“It took a long time to figure this out because the relationship [between smoking and colorectal cancer] is not as strong [as for some other cancers],” said Dr. Michael Thun, senior author of the study and vice president emeritus of epidemiology and surveillance research at the American Cancer Society. “The question was, is the association we’re seeing really caused by smoking?”
The researchers managed to adjust for other colorectal cancer risk factors, such as not getting screened, obesity, physical activity and eating a lot of red or processed meats. The issue is tricky because people who smoke are already more likely to engage in these types of behavior.
“When they took all of those other things out, smoking was still a small, elevated risk,” said Dr. Michael John Hall, director of the gastrointestinal risk assessment program at Fox Chase Cancer Center in Philadelphia.
“We already know that smoking is bad. That doesn’t change. A positive thing that comes out of this is that if you can stop smoking earlier, you eliminate your risk later on, but the more you smoke, the risk is higher.”
This large prospective study, which followed almost 200,000 people over 13 years, found that current smokers had a 27 percent increased risk of colorectal cancer and former smokers a 23 percent increased risk compared with people who had never smoked.
People who had smoked for at least half a century had the highest risk — 38 percent higher than never smokers — of developing colorectal cancer
The good news is that people who tossed their cigarettes before the age of 40 or who had not smoked for 31 or more years had no increased risk.
Two other studies focused on the risk of secondhand smoke, or passive smoking. In one, children exposed to secondhand smoke had a higher risk of developing lung cancer as adults, researchers from institutions including the U.S. National Cancer Institute found. In another, California researchers found that adult non-smoking women who had spent long periods of time in smoking environments upped their odds of developing postmenopausal breast cancer.
The breast cancer findings were seen mostly in postmenopausal women, with a 17 percent higher risk for those who had had low exposure, a 19 percent increased risk for those with medium exposure and a 26 percent increased risk for those who had high long-term exposure over their lifetime.
Adult exposure, such as spending time in smoking lounges where others were smoking, carried the most risk, with childhood exposure appearing negligible.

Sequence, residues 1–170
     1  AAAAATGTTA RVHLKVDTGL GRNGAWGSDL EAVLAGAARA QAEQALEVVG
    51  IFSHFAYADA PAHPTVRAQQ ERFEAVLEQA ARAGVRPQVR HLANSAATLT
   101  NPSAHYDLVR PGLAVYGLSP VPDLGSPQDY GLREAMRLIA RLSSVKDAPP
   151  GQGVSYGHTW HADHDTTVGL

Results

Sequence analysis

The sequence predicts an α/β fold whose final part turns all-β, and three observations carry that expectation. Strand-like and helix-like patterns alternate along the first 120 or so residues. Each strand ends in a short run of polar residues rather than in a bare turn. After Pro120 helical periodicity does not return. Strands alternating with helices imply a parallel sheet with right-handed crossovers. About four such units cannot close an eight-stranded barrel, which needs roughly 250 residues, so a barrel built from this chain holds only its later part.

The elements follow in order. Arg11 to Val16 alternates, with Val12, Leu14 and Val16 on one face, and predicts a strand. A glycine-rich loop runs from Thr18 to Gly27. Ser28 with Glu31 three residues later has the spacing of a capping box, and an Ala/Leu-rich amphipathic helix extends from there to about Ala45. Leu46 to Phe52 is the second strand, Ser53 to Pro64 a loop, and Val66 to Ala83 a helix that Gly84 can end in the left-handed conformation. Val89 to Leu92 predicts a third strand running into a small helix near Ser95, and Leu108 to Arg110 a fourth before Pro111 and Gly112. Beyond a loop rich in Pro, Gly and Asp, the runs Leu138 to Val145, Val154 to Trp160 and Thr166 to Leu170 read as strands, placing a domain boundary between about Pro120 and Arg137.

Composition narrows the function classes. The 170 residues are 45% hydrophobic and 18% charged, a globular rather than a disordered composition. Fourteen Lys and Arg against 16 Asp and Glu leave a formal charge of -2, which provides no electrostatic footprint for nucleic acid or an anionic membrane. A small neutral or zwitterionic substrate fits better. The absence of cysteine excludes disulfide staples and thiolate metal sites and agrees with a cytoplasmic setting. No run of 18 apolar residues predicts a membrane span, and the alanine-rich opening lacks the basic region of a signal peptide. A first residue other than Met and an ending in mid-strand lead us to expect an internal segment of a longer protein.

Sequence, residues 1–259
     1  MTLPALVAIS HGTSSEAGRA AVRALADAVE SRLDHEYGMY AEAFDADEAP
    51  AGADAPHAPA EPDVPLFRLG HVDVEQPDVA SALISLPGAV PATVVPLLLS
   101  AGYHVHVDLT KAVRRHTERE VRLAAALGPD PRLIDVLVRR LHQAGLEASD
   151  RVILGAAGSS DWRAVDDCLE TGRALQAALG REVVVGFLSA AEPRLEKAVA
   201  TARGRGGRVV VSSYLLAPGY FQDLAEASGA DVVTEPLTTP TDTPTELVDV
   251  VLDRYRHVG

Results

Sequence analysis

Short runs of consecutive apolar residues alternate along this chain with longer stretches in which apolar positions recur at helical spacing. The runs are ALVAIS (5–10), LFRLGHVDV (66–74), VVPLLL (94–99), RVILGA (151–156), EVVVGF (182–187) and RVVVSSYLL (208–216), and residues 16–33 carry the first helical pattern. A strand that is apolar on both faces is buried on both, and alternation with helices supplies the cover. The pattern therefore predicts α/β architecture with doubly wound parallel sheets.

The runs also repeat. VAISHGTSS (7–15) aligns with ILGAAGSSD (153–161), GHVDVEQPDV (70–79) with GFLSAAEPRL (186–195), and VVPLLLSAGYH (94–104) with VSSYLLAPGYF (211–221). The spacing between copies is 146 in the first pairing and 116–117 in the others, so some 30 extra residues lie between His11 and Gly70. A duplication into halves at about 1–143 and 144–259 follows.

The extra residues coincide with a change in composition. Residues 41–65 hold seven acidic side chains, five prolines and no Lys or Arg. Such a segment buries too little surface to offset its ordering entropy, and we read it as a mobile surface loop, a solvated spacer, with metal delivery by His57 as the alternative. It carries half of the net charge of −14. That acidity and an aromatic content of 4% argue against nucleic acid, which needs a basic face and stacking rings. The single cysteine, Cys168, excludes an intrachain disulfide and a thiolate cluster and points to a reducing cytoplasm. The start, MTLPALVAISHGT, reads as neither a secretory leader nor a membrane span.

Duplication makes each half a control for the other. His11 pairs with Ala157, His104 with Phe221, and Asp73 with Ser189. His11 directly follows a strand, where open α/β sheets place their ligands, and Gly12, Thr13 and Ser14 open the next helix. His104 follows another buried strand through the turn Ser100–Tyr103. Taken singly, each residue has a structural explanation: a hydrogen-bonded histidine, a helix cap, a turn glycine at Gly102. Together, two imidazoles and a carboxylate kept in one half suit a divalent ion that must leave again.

November 23, 2009
By Graeme Baldwin
Particles from car brakes harm lung cells
Real-life particles released by car brake pads can harm lung cells in vitro. Researchers writing in BioMed Central’s open access journal Particle and Fibre Toxicology found that heavy braking, as in an emergency stop, caused the most damage, but normal breaking and even close proximity to a disengaged brake resulted in potentially dangerous cellular stress.
Barbara Rothen-Rutishauser and Peter Gehr from the University of Bern, Switzerland, and Michael Riediker from the Institute for Work and Health, Lausanne, Switzerland, worked with a team of researchers to study the effects of brake particles on cultured lung cells placed in a chamber close to the axle of a car. They said, “Brake wear contributes up to 20% of total traffic emissions, but the health effects of brake particles remain largely unstudied. We’ve found that the metals in brake wear particles can damage junctions between cells by a mechanism involving oxidative stress”.
The teams’ analysis revealed that brake wear particles contain considerable amounts of iron, copper and organic carbon. Exposure to these pollutants caused increased signs of oxidative stress and inflammation in the cells, and hard braking caused most exposure. Interestingly, some exposure still occurred even when the brakes were not being applied, presumably due to residual brake particles coming off the turning axle and the braking system.
A direct comparison to other (model) particles known to cause these stress effects in vitro was not done, so comparative statements cannot yet be made. The researchers hope that future studies will be able to determine exactly which components are involved in each cell-stress pathway. According to Rothen-Rutishauser and Riediker, “Just as for exhaust particles, efforts to diminish brake particle emissions will lead to an improved ambient air quality and so could provide better protection of human health”.